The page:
Lofty goals: Josh Allen, Bills aim to dethrone Patriots, win Super Bowl

The way the past 20 years have gone in western New York, Brandon Beane might be a deep playoff run away from his own statue outside Bills Stadium.

In fans' eyes at least, the Buffalo Bills' general manager can do no wrong. Beane and coach Sean McDermott took over a team that averaged 6.6 wins a season from 2000 through 2016 and stopped the 17-season playoff drought, reaching the postseason in two of their first three years in Buffalo.

The Bills finished 10-6 last season, losing in the wild-card round on the road against the Houston Texans in a 22-19 overtime thriller.

On paper, Buffalo might have its most talented roster since the Jim Kelly and Bruce Smith days. Expectations in 2020 aren't quite as high as they were for a team that made it to four consecutive Super Bowls, but they are higher than they've been over the past two decades.

Simply making the playoffs isn't enough anymore.

"The job that we are put here to do is to win a Super Bowl," Bills quarterback Josh Allen said. "I think that's what our minds are set on. At the same time, we're taking it one game at a time. We're worried about the New York Jets [in Week 1] and we can't look forward to Week 2 or Week 3 or Week 17, for that matter, and win an AFC title."

Beane is at the point in the rebuild where he can focus on re-signing and extending his own draft picks and franchise cornerstones. Left tackle Dion Dawkins and cornerback Tre'Davious White signed long-term extensions this offseason, and though both were technically drafted by McDermott a month before Beane arrived in Buffalo, the duo has put themselves in position to double down on the roster decisions they have made over the past few years.

Though Beane believes Buffalo is on the rise, he isn't ready to strike a pose until a few milestones are hit -- starting with dethroning his division's reigning champion, the New England Patriots.

"Time will tell if we're building it right, if we have the right pieces," Beane said. "But I truly believe we're trending up and we're heading in the right direction. The results will speak for themselves, and again, until we win the AFC East, I'm not going to feel like we're on track. That's a big hurdle that we need to do here."

Buffalo lost both matchups against the 12-4 Patriots last season, and the moves Beane made this offseason suggest he's serious about winning the franchise's first division title since 1995. The Bills' trade for wide receiver Stefon Diggs in March was an aggressive move to fill a glaring need for an offensive playmaker, something the team lacked in 2019. And veterans such as pass-rusher Mario Addison and cornerback Josh Norman were brought in to help Buffalo win now.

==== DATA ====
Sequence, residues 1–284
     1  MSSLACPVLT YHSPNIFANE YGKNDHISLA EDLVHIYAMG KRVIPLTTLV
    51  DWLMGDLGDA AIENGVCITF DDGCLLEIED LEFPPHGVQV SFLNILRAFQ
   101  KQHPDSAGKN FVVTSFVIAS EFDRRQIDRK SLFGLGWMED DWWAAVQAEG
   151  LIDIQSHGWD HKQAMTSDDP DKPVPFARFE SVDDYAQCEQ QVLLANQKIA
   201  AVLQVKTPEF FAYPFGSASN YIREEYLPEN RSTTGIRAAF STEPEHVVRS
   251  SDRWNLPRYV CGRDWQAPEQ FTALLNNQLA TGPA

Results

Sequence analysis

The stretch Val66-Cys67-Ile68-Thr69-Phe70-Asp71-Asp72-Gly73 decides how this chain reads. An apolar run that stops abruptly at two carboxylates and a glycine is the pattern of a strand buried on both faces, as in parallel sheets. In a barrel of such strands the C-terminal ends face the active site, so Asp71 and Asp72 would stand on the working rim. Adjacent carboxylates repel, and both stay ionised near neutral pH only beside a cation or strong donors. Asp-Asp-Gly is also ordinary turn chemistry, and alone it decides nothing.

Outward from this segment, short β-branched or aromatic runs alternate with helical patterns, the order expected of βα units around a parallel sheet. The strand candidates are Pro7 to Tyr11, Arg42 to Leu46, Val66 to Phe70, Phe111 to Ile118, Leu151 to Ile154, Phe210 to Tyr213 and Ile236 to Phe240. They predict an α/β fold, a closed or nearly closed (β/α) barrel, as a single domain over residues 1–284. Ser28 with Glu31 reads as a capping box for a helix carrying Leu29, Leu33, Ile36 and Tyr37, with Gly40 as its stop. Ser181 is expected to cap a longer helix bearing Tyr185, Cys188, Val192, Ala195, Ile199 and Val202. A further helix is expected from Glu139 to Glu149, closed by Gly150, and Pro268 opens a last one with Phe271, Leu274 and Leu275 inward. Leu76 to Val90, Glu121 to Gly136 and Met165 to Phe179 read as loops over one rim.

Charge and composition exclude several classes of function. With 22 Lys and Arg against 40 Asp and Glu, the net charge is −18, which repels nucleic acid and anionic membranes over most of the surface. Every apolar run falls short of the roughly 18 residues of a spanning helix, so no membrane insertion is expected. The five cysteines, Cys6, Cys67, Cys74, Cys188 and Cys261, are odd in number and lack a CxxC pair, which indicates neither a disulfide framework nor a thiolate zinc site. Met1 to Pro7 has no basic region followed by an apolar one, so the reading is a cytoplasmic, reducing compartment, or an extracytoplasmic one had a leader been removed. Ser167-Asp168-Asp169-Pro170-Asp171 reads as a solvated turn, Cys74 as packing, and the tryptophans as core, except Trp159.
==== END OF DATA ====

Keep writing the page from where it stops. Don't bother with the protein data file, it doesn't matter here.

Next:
The Bills return a league-leading 88% of snaps, including a league-high 95% of their offensive snaps. With most of his team's core in place, Beane didn't have to do much to the roster.

Minimal but impactful changes were important given the truncated offseason brought about by the coronavirus pandemic. With roughly a month and a half of offseason practice compared to the usual four months, teams will find a lot out about themselves when they take the field for the first time in Week 1.

"It's all kind of new -- new faces that you see without preseason," Allen said. "No OTA time. The progression of guys, it's going to be fun to see. We've got a lot of guys that can play football, that are real dudes. I'm excited to get on the field and see what they can do for real."

McDermott has insisted the adjusted offseason will not affect the Bills' goals this season; "Playoff Caliber" can be seen on shirts and signs throughout the team's facility in Orchard Park, New York.

Buffalo's mentality suits Diggs, who wanted a new opportunity and was traded from the Minnesota Vikings this offseason. A fifth-round pick out of Maryland in 2015, he said he constantly plays with a chip on his shoulder -- similar to many of his Bills teammates who have been overlooked in one fashion or another.

"It aligns itself, I guess -- this is a good situation for me," Diggs said. "The guys that are around me play with a chip on their shoulder. A lot of the guys are late-round guys -- not too many first-round guys -- who have something to prove each and every day. I think it's jelling well."

Beyond the locker room, Diggs said he appreciates the message Beane has sent about expectations and the way that message has been received throughout the organization.

"It's trickled down 100 percent," he said. "I'm not a guy that goes in with expectations like, 'I want this, I want that' -- you've got to make it happen each and every day, small steps in the right direction."

Success is far from a given, though. Buffalo plays the 10th-toughest schedule in the NFL, according to ESPN's Football Power Index rankings, and gets only two games against division opponents before a four-game stretch that includes three playoff teams from 2019.

Bills players are excited to see what their impressive roster can do, but also realize championships are not won on paper.

"It's fun to see our guys compete because we do have a lot of talent here, but at the same time talent doesn't win football games," Allen said. "The better team that executes on the field wins football games."